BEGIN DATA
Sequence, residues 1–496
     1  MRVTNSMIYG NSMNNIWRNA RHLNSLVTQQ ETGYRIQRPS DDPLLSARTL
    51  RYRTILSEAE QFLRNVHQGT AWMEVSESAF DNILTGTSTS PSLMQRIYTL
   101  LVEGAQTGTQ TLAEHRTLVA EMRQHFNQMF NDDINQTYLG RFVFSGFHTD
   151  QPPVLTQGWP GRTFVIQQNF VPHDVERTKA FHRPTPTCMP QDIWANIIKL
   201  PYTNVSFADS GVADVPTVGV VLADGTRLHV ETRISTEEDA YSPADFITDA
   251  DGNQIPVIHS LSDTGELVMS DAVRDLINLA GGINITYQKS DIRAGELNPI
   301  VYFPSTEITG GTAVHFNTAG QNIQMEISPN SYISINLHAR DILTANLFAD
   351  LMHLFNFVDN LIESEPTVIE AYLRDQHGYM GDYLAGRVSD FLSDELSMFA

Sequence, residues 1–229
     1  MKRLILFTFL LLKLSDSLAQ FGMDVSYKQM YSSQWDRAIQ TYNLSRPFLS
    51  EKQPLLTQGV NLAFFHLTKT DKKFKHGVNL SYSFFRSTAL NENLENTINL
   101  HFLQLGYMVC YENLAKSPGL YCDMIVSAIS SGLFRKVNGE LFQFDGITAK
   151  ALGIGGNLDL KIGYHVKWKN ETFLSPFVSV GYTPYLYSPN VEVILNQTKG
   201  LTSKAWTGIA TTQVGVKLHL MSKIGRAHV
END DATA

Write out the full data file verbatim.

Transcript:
Sequence, residues 1–496
     1  MRVTNSMIYG NSMNNIWRNA RHLNSLVTQQ ETGYRIQRPS DDPLLSARTL
    51  RYRTILSEAE QFLRNVHQGT AWMEVSESAF DNILTGTSTS PSLMQRIYTL
   101  LVEGAQTGTQ TLAEHRTLVA EMRQHFNQMF NDDINQTYLG RFVFSGFHTD
   151  QPPVLTQGWP GRTFVIQQNF VPHDVERTKA FHRPTPTCMP QDIWANIIKL
   201  PYTNVSFADS GVADVPTVGV VLADGTRLHV ETRISTEEDA YSPADFITDA
   251  DGNQIPVIHS LSDTGELVMS DAVRDLINLA GGINITYQKS DIRAGELNPI
   301  VYFPSTEITG GTAVHFNTAG QNIQMEISPN SYISINLHAR DILTANLFAD
   351  LMHLFNFVDN LIESEPTVIE AYLRDQHGYM GDYLAGRVSD FLSDELSMFA

Sequence, residues 1–229
     1  MKRLILFTFL LLKLSDSLAQ FGMDVSYKQM YSSQWDRAIQ TYNLSRPFLS
    51  EKQPLLTQGV NLAFFHLTKT DKKFKHGVNL SYSFFRSTAL NENLENTINL
   101  HFLQLGYMVC YENLAKSPGL YCDMIVSAIS SGLFRKVNGE LFQFDGITAK
   151  ALGIGGNLDL KIGYHVKWKN ETFLSPFVSV GYTPYLYSPN VEVILNQTKG
   201  LTSKAWTGIA TTQVGVKLHL MSKIGRAHV